Every once in a while, I come across an article that would have been great to have on hand for a past show. Sometimes new information on a topic is so profoundly different that it warrants a whole new show on that topic. Sometimes, though, it doesn’t, and that’s where this post comes in.
Last Monday, May 12, we repeated our show on Advances in Prosthetics. Near the end of that show, a caller asked our panel whether the folks who develop prosthetic limbs for people ever make them for animals, as well. A few days ago, Gabe Bullard shared an article from the mental_floss blog called Animal Prosthetics: A Leg Up on a Bad Break. It tells the tail (ha ha) of ten animals who’ve been fitted with prosthetic devices, some high-tech and some low, with varying levels of success (hint: one prosthetic was eaten by its recipient). Included are elephants, a dog, a cat, a kangaroo, and several birds, among others.
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Going back a bit farther, to October of 2007, we did a show about Health Equity, featuring Dr. Adewale Troutman and Dr. Ricky L. Jones. They discussed Louisville’s Center for Health Equity, and how African-Americans and members of other minority groups often don’t have access to the same type of care or quality of care as white patients.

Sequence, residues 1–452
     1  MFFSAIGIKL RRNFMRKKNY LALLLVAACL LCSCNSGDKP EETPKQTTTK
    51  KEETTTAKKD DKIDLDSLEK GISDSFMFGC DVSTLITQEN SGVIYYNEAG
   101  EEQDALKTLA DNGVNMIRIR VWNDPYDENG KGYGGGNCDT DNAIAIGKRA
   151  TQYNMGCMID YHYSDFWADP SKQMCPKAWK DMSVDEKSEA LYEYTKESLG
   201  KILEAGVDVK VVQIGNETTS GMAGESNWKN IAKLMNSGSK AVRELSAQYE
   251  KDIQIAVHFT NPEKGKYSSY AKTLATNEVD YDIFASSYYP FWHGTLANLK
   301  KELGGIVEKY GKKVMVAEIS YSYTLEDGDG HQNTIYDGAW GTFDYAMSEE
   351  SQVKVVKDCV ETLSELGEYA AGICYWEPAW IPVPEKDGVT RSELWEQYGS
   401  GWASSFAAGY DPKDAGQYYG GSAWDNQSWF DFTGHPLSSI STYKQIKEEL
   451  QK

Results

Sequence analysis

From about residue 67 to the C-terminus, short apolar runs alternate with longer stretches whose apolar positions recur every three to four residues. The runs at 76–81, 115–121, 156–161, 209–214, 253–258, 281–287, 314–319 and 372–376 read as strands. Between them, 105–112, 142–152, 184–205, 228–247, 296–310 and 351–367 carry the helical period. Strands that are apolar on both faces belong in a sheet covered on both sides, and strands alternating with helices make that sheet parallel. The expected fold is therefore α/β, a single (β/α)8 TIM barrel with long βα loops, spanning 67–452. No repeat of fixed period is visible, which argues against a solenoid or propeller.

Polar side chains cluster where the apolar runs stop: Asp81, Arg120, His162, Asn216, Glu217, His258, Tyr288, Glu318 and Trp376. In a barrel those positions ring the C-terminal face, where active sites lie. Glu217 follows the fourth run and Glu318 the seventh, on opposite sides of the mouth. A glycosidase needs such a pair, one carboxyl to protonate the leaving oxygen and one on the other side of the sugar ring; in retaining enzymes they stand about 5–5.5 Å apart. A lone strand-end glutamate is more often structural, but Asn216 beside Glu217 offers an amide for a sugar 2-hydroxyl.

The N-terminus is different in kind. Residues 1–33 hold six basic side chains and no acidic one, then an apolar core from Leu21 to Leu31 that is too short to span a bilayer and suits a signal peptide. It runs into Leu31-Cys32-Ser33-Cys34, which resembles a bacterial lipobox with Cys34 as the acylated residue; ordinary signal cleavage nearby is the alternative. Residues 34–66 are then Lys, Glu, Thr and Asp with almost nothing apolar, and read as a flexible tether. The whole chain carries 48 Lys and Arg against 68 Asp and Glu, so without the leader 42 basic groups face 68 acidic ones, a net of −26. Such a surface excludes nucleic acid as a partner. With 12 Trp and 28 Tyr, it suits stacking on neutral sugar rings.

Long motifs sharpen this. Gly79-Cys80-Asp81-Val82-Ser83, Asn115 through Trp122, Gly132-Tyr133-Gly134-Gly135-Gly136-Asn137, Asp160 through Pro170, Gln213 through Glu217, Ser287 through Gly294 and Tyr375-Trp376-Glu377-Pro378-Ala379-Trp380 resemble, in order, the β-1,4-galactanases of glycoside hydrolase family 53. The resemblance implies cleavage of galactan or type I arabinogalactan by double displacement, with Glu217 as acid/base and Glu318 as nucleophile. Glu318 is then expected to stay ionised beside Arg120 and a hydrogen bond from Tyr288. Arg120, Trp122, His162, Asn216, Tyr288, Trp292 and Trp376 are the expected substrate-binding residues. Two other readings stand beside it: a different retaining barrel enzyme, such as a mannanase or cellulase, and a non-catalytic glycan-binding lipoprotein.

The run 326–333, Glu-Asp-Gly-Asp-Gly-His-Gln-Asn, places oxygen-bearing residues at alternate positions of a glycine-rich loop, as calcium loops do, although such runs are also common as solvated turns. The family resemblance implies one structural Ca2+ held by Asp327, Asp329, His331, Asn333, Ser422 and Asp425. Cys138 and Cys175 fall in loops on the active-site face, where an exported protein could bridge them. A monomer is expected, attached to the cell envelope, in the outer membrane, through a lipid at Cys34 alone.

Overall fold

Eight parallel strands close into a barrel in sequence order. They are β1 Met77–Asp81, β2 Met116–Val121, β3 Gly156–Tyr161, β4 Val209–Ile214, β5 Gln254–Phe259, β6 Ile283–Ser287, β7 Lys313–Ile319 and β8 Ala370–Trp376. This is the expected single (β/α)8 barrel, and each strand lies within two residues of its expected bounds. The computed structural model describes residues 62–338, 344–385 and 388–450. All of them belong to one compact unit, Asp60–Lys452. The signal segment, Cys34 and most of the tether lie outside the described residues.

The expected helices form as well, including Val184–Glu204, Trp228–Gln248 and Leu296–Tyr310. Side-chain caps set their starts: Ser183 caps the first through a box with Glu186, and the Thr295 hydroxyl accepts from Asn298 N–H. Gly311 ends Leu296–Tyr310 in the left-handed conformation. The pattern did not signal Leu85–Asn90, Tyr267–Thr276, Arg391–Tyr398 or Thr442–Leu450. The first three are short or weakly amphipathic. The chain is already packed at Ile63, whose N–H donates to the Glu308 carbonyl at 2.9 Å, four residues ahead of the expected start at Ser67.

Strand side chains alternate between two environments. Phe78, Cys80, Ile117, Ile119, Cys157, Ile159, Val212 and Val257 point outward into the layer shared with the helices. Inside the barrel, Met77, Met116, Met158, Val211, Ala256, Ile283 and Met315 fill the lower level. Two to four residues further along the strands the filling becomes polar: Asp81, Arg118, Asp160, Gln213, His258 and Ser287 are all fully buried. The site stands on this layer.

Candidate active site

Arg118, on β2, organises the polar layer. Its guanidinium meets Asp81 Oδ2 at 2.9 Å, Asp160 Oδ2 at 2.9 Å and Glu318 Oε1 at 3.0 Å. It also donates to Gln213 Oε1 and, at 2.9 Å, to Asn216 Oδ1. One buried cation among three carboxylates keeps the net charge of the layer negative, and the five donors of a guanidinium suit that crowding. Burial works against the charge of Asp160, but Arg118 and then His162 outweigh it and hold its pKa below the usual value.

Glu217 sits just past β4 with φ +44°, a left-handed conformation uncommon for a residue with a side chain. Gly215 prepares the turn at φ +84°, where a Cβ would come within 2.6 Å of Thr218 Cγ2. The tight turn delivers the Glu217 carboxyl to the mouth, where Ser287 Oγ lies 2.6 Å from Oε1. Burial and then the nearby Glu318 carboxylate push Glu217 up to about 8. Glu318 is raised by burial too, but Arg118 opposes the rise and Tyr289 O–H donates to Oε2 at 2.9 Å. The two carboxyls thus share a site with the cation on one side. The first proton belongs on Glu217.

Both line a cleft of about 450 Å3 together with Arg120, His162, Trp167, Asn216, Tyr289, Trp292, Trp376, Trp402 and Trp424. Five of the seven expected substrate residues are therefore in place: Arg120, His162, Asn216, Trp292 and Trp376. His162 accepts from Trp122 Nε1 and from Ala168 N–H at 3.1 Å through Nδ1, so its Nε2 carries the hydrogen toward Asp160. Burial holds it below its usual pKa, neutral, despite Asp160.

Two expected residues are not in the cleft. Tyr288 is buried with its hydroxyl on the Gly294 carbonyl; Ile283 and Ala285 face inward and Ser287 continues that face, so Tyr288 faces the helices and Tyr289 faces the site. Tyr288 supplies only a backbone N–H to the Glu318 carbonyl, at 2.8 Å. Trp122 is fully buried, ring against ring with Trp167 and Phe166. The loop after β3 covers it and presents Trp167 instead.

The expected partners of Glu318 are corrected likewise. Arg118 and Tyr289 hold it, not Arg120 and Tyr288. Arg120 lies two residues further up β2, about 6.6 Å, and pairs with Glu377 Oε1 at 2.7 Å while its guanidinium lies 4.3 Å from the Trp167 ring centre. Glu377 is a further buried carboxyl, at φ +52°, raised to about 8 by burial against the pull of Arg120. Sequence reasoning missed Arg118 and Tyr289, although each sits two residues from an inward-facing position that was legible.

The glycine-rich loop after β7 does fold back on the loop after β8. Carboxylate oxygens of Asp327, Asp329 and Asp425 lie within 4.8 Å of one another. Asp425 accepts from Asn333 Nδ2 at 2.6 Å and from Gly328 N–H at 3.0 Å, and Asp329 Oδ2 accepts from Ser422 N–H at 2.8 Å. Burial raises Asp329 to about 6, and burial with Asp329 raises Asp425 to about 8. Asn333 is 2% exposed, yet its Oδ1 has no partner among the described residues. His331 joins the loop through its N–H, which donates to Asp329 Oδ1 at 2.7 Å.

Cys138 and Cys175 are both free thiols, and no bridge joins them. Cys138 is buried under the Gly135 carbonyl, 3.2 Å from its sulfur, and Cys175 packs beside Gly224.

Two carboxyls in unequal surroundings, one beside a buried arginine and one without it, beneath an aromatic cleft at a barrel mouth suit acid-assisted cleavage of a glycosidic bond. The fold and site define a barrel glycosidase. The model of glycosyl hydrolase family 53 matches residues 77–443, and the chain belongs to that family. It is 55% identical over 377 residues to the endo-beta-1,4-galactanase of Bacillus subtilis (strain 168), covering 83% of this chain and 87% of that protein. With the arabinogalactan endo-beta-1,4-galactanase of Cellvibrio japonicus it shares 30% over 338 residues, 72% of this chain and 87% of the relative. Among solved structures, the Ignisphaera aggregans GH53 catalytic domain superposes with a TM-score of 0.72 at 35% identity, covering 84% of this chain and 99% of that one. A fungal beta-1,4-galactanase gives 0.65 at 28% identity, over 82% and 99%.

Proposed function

While poking around online yesterday, I found an article that brings health equity to mind, and demonstrates that it’s not just a problem in the USA. Australian blog Hoyden About Town posted about a research paper from the Medical Journal of Australia about how indigenous people in that country who are stricken with lung cancer receive less treatment and die sooner.
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And of course, today brings sad news about Senator Ted Kennedy. The medical issues he’s facing are fresh on our minds, and probably our listeners’ minds, thanks to our recent show on Brain Tumors and today’s show on Strokes. Click the links to listen back to those shows; Senator Kennedy has been diagnosed with a malignant glioma, which I know they discussed on the Brain Tumors show.